What makes the Z-Machine unique?

With the popularity of large language models/A.I. I was thinking how we approached language based parsers in IF. A few months ago I stumbled on a coding situation where I needed a “Turing Machine” to process some data. And I’ve been reading “Crafting Compilers” book.

These all got me wondering. What about the Z-Machine that makes its machine code uniquely suited to interactive fiction and language parsing compared to other virtual machines like the JVM or WASM?

It was invented first.

That’s it.

EDIT-ADD: Okay, that’s too short an answer. A better answer is that it was invented first and it’s simpler. The Z-machine (and followups like Glulx) can be implemented by one person working from a spec document. The JVM and WASM are complicated enough to require the resources of large companies behind them.

This means that IF interpreters could be developed and extended entirely within the community.


It had an object tree that made for an excellent world model.

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I’d add that the Z-machine also had a lot of design optimizations to work in constrained environments and abstract away hardware differences. Most of that is much less irrelevant today, but it did allow the Z-machine to be easily ported to a large variety of hardware, at a time when hardware diversity was probably at its maximum.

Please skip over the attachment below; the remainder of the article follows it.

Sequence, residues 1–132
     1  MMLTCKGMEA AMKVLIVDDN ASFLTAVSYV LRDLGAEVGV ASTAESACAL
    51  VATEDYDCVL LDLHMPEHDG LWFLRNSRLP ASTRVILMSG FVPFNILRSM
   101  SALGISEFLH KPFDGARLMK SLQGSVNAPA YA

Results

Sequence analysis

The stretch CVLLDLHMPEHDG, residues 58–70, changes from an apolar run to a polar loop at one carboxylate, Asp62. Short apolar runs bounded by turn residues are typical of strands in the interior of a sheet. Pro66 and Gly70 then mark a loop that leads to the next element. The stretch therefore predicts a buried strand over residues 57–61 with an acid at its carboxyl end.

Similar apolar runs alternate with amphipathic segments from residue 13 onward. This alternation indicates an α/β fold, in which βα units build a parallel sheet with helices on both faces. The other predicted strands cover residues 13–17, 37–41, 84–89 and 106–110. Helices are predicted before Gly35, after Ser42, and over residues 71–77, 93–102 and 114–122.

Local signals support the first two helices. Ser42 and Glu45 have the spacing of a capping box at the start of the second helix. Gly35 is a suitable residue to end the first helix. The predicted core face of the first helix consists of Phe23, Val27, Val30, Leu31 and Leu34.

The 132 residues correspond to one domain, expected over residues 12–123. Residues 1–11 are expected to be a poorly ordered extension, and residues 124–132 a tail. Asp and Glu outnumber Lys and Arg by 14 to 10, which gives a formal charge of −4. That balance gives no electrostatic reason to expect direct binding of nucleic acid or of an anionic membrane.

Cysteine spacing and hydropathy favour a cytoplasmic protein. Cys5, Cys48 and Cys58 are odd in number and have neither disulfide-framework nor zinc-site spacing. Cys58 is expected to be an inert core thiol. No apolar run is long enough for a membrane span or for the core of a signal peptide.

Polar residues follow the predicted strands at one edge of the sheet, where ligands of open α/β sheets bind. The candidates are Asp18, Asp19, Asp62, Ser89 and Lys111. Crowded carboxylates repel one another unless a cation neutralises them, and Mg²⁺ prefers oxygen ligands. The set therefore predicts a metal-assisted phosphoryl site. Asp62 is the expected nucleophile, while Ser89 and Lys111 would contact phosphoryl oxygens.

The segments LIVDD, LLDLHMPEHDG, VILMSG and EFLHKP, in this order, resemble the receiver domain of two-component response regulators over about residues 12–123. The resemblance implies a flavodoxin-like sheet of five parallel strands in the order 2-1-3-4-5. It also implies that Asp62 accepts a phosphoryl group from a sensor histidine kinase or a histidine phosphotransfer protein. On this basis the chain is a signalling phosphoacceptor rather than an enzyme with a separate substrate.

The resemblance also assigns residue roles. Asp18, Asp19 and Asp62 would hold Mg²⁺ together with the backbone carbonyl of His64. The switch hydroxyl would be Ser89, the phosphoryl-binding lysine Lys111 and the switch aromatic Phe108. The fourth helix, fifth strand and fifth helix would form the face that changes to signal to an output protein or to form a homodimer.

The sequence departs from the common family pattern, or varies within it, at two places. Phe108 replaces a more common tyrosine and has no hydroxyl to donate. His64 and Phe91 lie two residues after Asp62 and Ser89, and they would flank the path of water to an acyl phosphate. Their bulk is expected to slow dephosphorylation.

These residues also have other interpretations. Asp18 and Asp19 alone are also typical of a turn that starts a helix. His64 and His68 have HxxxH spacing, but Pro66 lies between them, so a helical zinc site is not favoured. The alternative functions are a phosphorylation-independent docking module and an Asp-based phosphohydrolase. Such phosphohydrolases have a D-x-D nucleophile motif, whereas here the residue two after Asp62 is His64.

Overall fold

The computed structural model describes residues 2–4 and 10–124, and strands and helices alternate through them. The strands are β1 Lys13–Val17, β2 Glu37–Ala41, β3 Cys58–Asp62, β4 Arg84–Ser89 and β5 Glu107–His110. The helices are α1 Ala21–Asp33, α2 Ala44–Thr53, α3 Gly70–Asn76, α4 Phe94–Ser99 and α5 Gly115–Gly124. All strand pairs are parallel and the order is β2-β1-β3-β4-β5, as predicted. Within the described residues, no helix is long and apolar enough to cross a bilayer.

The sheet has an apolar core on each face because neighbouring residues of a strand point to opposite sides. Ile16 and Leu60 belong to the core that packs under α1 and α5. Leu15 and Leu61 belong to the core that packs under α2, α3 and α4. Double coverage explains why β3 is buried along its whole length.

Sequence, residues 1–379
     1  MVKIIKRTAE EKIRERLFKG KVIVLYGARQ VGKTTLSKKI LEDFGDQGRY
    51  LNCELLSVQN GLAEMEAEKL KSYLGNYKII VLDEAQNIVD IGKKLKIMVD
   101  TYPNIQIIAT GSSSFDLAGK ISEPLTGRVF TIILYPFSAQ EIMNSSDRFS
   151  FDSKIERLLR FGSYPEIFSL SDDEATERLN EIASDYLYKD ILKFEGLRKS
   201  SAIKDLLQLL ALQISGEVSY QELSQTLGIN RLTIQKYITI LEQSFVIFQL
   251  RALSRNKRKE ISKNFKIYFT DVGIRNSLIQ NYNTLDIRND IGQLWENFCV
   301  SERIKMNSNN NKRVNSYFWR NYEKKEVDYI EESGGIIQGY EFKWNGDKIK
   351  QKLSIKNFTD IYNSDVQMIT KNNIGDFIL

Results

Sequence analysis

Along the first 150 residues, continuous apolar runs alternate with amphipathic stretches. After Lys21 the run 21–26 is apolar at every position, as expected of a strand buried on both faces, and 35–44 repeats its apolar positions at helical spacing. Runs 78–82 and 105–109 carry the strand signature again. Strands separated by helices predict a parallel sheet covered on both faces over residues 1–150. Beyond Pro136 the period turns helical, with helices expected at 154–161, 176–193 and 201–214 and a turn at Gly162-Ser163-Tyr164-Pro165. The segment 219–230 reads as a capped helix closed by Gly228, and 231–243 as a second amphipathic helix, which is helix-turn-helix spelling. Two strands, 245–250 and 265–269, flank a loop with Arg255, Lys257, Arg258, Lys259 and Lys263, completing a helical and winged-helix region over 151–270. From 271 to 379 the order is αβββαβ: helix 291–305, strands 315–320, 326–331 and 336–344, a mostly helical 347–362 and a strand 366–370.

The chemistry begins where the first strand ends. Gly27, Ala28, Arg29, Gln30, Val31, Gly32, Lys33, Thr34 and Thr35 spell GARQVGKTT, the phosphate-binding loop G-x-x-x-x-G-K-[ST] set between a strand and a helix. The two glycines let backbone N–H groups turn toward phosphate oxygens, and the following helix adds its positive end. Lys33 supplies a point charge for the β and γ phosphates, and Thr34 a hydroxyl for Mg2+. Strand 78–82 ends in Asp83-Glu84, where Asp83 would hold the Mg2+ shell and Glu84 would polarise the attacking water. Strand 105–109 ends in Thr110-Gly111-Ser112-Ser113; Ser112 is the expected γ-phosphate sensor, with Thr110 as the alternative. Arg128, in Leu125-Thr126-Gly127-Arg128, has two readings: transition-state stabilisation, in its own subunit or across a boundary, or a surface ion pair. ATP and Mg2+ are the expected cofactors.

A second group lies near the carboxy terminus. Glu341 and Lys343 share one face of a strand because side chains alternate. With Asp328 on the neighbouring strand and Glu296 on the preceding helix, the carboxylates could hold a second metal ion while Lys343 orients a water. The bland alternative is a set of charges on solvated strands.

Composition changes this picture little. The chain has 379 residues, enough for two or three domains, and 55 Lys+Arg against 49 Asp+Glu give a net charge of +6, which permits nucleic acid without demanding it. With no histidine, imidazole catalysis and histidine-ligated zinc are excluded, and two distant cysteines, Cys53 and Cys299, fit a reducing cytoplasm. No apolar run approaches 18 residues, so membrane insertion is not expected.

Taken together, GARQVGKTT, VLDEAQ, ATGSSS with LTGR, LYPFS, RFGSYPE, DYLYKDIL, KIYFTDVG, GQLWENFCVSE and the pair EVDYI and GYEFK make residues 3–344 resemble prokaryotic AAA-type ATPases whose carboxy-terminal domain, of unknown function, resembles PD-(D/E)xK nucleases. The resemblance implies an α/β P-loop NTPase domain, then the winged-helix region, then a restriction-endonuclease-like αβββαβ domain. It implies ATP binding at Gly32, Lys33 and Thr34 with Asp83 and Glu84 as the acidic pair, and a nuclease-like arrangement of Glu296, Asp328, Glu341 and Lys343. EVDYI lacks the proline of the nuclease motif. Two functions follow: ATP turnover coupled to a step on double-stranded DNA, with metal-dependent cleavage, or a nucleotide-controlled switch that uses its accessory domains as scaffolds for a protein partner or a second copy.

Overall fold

Yeah, I agree with that. Those optimizations (which, to be clear, include the object tree) made it possible to build IF for a bunch of 8-bit platforms; they were crucial in the 1980s.

Those features have not been important since 1995 or so, and indeed Glulx discards a lot of them. (No object tree or dictionary in the VM, e.g.)


It also doesn’t generally require any fancy features. The status line can be a bit of a pain, now that fixed-width terminals where you can move the cursor around freely aren’t standard, but it was designed to be easy to implement on different platforms, so the user interface is pretty simple: for the most part, you can print text, you can request a line of input, or you can request a character of input, and that’s it.

Nowadays, that sort of UI stuff tends to be the most different across platforms—implementing an object tree in memory is going to be basically the same on Windows as on Linux, whichever language you choose—so having it be as simple as possible is good for portability.

Version 6 of the Z-machine is the one that tried to get fancier about it, with menus and graphics and fonts and such, and as a result it’s far less portable than the others and most interpreters don’t run it.


I don’t think the WASM VM is that complicated, more the issue is that people expect it to have very good performance, which is where most implementations get complicated as they involve JITs and CPU specific optimisations. But a Z-Code game usually doesn’t need too much performance to run acceptably. Except for some Inform 7 games…

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I guess the ability to run games larger than could fit into RAM at once helped to? Even if it meant you needed a floppy drive, which could make them a bit slow. Also, for the computer I grew up with the floppy drive cost a lot more than the computer itself so we never had one. (But it didn’t have Infocom games anyway so who cares, right? :grinning:)